The electrical contracting industry must change its approach to training,
recruitment and retention if it is to overcome the serious skills shortages
that it currently faces.
This was the message from Min- ister for Transport John Spellar to the
Electrical Contractors Association’s Centenary Conference.
He stressed that the sector must ensure it has the necessary skilled
workforce if it is to help deliver the next 100 years of technological
Delegates were told that more than two-thirds of electrical companies find
it difficult to recruit apprentices and a fifth of companies have electrician
vacancies they find impossible to fill.
Spellar outlined the Government’s plans to overhaul Britain’s transport
infrastructure through hi-tech solutions and stressed the proposals are heavily
dependent on the skills of electricians.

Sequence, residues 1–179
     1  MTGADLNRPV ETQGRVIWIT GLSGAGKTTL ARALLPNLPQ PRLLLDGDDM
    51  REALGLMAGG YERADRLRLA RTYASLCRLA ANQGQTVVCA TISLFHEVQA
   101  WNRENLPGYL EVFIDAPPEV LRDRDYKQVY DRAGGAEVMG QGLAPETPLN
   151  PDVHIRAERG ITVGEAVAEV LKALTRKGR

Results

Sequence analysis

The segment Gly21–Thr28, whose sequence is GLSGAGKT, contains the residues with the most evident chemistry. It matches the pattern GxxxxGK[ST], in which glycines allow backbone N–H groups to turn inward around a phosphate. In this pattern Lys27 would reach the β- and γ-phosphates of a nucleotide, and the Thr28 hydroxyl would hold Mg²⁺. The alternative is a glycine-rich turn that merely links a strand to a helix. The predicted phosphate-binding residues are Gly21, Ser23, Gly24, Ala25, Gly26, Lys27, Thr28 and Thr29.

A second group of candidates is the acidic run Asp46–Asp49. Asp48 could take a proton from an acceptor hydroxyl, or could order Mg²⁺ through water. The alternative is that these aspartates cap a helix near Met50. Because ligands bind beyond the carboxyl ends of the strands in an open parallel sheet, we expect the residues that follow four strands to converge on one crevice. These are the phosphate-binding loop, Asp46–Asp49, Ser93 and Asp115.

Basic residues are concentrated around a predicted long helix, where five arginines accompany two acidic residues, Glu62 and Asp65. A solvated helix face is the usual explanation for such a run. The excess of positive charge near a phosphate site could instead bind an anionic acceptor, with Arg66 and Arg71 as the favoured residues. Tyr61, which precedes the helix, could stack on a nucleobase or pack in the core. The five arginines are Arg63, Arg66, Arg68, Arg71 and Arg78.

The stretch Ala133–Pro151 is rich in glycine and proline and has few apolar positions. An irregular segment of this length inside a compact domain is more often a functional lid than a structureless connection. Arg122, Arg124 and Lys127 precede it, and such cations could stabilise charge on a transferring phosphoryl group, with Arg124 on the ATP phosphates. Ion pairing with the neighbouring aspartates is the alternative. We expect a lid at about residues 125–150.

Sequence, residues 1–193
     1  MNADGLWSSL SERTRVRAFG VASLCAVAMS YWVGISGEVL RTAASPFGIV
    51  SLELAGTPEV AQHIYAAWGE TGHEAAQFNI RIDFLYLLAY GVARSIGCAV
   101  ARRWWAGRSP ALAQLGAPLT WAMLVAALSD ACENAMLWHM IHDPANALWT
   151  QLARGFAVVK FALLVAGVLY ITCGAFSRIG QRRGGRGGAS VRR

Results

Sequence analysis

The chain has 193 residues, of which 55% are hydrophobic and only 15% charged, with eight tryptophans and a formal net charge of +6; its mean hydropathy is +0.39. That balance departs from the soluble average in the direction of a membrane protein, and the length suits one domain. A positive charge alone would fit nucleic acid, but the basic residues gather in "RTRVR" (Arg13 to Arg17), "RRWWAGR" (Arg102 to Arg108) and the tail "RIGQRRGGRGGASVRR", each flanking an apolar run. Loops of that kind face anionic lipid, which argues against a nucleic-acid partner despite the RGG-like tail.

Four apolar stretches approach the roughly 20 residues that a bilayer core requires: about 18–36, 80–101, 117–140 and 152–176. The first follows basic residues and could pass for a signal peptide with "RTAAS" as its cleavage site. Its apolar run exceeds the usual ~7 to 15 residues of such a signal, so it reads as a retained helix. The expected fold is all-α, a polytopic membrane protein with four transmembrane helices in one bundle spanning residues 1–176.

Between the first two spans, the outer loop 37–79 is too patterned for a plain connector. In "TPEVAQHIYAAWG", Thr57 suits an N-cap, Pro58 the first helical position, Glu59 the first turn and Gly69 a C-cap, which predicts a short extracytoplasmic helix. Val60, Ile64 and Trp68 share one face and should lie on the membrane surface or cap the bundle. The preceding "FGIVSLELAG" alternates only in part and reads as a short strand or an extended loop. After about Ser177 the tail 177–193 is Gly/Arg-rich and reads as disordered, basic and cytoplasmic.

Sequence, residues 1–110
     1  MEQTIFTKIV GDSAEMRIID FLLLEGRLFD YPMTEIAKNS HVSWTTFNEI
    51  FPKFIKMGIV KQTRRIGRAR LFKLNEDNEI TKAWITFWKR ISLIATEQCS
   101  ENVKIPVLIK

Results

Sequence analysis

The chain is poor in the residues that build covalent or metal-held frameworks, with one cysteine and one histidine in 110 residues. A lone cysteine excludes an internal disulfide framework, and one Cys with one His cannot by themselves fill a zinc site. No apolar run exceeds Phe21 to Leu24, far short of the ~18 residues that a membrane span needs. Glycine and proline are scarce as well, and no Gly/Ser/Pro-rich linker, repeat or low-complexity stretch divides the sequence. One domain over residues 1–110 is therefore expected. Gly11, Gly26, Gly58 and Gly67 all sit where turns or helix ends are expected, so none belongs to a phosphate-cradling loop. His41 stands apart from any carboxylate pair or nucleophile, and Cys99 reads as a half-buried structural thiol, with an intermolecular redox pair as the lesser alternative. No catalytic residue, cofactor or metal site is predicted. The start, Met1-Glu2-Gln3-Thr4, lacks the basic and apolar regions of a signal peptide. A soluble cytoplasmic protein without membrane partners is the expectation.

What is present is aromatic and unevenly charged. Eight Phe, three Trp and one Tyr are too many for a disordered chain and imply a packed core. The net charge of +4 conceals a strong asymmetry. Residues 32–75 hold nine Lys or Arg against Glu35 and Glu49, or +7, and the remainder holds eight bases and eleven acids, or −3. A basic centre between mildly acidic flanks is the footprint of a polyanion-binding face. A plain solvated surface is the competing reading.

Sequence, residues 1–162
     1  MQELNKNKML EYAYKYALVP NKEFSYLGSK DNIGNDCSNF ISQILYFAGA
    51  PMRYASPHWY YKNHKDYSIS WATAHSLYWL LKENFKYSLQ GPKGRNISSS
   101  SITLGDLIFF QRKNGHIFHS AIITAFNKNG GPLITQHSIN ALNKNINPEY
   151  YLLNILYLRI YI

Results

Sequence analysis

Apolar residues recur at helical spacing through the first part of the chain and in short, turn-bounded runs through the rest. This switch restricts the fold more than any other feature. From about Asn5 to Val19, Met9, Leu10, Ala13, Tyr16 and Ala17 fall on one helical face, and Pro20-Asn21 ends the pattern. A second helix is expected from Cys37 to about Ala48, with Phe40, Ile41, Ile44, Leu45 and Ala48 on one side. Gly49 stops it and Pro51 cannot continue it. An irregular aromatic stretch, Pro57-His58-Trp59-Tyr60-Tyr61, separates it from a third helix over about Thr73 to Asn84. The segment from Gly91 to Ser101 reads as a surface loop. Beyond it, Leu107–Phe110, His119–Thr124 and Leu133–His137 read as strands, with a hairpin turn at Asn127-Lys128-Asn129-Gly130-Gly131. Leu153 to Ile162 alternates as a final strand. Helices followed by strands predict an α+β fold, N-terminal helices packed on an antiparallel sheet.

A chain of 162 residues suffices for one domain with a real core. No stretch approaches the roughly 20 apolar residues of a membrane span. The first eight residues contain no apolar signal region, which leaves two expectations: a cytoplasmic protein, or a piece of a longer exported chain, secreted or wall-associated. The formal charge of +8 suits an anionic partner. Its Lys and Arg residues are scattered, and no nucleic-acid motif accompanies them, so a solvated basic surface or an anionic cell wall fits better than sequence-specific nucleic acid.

He said, "The key to delivering radical improvements in performance
lies in bringing together the right people, the right skills and the right
"That is why the three Rs – recruitment, retention, respect for people
– are so vital."
Spellar believes addressing the industry’s attitudes to people issues and
long-term planning can rectify the situation. He said, "The poor record of
the construction industry on HR and training seriously damages its image as an
employer and discourages potential recruits from joining the industry or
remaining in it."